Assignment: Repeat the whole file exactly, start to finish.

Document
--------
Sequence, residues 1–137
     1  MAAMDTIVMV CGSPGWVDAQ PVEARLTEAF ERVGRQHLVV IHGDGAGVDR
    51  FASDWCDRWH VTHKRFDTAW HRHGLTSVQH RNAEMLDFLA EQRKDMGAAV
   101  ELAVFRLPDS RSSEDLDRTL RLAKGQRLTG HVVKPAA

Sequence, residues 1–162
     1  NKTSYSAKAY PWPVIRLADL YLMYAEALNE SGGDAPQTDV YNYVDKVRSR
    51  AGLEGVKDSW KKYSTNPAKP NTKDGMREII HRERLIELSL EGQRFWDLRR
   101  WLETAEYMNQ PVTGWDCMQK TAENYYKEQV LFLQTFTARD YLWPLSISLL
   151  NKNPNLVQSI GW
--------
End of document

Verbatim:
Sequence, residues 1–137
     1  MAAMDTIVMV CGSPGWVDAQ PVEARLTEAF ERVGRQHLVV IHGDGAGVDR
    51  FASDWCDRWH VTHKRFDTAW HRHGLTSVQH RNAEMLDFLA EQRKDMGAAV
   101  ELAVFRLPDS RSSEDLDRTL RLAKGQRLTG HVVKPAA

Sequence, residues 1–162
     1  NKTSYSAKAY PWPVIRLADL YLMYAEALNE SGGDAPQTDV YNYVDKVRSR
    51  AGLEGVKDSW KKYSTNPAKP NTKDGMREII HRERLIELSL EGQRFWDLRR
   101  WLETAEYMNQ PVTGWDCMQK TAENYYKEQV LFLQTFTARD YLWPLSISLL
   151  NKNPNLVQSI GW